Some Surprising Findings About Identity Theft
True or False? Internet use increases the risk of identity theft.
True or False? Consumers bear the brunt of financial losses from ID fraud.
True or False? Seniors are the most frequent target of ID fraudsters.
The survey of 5,000 Americans is full of a number of surprising findings that challenge many of the assumptions we all have about identity theft.
First off, most of the compromised data is not taken through the Internet. In fact, the traditional offline channels, such as lost or stolen wallets, checkbooks or credit cards, continue to be the primary source of ID theft. What's more, almost half of all identity theft is perpetrated by someone the victim knows: friends, neighbors, family members, in-home employees, etc. And with nearly 70 percent of consumers shredding documents, trash also is not a great source of compromised data, the survey says.
Second, the average fraud amount per case is now $6,383, up from $5,249 two years ago. But the average out-of-pocket cost for consumer is down to $422, compared to $657 last year. That means businesses are bearing the bulk of the costs. Even so, consumers are spending a lot more time trying to resolve ID fraud: 40 hours, up from 33 in 2003
Third, 25 to 34 year olds, not seniors, are the most susceptible targets, most likely because they conduct more transactions and are therefore at the greatest risk, according to Javelin founder James Van Dyke. In fact, the 65 and older crowd are the least victimized of all the age groups surveyed. But the 35-44 year olds have the highest average fraud amount--$9,435.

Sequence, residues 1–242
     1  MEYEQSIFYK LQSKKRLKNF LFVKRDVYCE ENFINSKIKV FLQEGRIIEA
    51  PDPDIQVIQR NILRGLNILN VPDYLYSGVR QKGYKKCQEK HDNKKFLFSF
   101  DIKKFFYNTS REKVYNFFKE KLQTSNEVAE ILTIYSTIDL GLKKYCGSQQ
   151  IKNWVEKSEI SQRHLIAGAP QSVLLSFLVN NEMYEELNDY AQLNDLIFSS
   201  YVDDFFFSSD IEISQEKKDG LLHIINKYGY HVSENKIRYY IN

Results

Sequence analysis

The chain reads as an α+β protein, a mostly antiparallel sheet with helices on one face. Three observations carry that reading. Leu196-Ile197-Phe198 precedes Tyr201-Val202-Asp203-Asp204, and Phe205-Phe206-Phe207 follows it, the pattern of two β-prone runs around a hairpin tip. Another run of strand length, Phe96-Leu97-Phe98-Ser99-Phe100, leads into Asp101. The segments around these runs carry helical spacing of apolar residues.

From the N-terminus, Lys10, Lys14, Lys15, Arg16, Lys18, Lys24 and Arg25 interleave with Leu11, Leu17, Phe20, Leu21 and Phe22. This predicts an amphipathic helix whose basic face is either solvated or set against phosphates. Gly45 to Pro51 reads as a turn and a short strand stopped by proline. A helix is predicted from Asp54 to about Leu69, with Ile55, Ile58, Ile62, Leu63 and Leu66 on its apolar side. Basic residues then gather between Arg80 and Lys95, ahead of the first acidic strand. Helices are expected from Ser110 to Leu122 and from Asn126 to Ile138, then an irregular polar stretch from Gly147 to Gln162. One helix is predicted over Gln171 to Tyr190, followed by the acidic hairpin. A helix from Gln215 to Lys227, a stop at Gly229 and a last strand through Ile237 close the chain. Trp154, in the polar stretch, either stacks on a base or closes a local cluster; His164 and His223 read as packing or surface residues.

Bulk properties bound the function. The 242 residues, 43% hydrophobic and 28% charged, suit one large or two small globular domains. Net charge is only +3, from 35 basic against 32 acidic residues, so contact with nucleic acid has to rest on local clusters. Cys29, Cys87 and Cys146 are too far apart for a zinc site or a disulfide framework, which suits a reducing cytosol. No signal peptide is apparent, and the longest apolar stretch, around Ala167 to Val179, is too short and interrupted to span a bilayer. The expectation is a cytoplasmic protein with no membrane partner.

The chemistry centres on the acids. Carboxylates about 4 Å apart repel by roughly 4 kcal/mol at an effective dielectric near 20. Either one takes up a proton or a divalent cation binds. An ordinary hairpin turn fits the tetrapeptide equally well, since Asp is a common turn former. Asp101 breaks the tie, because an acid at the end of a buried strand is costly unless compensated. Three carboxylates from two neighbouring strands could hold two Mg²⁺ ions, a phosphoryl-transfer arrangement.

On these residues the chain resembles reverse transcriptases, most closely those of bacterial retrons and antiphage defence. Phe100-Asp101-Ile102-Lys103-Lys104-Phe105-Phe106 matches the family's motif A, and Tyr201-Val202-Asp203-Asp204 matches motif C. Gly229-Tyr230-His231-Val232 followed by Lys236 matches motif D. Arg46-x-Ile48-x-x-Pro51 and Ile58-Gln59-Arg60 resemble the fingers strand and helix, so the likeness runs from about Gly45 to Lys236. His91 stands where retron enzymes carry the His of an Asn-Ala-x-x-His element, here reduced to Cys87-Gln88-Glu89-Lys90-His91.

As a percent of the U.S. adult population, the study shows the number of fraud victims has dropped from 4.7 percent to 4 percent between 2003 and 2006.
Van Dyke says that instead of being afraid of the Internet, consumers should rely on it more to deter ID theft. Specifically, he recommends that we stop all paper statements and instead monitor our accounts online--and do so weekly to detect fraud quickly.
As the survey noted, consumers detect almost half the fraud cases, with 11 percent of the victims caught by monitoring credit reports. You know what that means. If you haven't reviewed at least one of your credit reports lately, do so now. I've said it before and I'm sure I'll say it again. You're entitled to a free report annually from each of the three major credit bureaus. So check yours today.
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